Jane Austen

Jane Austen

Jane Austen (16 December 1775 – 18 July 1817) was an English novelist known primarily for her six major novels, which interpret, critique and comment upon the British landed gentry at the end of the 18th century. Austen's plots often explore the dependence of women on marriage in the pursuit of favourable social standing and economic security. Jane Austen's use of biting irony, along with her realism and social commentary have earned her great and historical importance to critics and scholars.

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Let other pens dwell on guilt and misery.

Nobody can tell what I suffer! But it is always so. Those who do not complain are never pitied.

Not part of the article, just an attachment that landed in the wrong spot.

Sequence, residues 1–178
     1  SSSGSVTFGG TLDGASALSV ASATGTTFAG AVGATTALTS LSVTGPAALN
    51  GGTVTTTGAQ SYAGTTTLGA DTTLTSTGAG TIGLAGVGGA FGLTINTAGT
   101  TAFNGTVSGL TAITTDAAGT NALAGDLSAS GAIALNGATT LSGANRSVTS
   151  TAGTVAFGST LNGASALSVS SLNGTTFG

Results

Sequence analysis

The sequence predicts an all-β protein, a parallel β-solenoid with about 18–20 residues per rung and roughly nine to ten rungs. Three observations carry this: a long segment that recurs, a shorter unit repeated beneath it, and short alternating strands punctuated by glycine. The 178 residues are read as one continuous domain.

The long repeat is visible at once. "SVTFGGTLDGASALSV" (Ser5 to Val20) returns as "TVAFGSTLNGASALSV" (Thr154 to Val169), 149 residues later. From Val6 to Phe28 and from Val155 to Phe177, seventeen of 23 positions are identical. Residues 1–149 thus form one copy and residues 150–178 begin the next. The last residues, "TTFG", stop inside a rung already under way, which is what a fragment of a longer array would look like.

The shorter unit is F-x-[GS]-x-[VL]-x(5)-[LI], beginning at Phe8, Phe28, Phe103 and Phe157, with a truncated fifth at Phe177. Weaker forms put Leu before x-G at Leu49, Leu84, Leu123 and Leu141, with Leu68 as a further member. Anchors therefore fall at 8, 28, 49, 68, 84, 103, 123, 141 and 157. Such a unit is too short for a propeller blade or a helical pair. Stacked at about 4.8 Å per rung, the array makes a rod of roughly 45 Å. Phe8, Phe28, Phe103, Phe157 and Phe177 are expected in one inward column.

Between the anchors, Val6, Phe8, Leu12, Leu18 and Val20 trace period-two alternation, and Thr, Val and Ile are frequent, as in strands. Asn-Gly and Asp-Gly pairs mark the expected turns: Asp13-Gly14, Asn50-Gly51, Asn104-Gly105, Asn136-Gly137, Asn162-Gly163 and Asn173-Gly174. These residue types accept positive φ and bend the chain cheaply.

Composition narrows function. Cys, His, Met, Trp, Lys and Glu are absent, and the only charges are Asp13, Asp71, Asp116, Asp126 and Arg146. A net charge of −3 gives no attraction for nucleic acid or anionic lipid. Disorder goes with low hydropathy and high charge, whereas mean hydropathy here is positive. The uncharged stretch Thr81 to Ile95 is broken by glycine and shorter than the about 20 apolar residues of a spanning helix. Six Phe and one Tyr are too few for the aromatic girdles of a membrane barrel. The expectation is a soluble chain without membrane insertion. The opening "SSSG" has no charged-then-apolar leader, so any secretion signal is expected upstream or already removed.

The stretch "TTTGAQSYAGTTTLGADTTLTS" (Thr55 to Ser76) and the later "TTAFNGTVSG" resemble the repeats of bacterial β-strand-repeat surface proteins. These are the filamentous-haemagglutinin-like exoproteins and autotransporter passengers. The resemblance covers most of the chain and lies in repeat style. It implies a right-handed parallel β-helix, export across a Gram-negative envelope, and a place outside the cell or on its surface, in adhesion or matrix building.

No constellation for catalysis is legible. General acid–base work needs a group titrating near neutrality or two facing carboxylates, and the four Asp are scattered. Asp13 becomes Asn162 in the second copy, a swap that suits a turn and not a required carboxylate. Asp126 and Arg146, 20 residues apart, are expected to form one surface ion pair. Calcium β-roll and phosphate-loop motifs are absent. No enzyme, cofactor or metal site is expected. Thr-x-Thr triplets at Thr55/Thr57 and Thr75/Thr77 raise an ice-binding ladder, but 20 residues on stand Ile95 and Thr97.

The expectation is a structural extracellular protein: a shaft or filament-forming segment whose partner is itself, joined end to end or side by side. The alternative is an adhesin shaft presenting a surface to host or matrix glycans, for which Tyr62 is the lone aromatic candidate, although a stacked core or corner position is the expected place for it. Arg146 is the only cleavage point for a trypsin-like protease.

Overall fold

We met Dr. Hall in such deep mourning that either his mother, his wife, or himself must be dead.

There is hardly any personal defect which an agreeable manner might not gradually reconcile one to.

A single woman, with a very narrow income, must be a ridiculous, disagreeable old maid! - the proper sport of boys and girls - but a single woman, of good fortune, is always respectable, and may be as sensible and pleasant as anybody else.

Where so many hours have been spent in convincing myself that I am right, is there not some reason to fear I may be wrong?

Next to being married, a girl likes to be crossed in love a little now and then.

Those who do not complain are never pitied

To look almost pretty is an acquisition of higher delight to a girl who has been looking plain for the first fifteen years of her life, than a beauty from her cradle can ever receive.

Provided that nothing like useful knowledge could be gained from them, provided they were all story and no reflection, she had never any objection to books at all.

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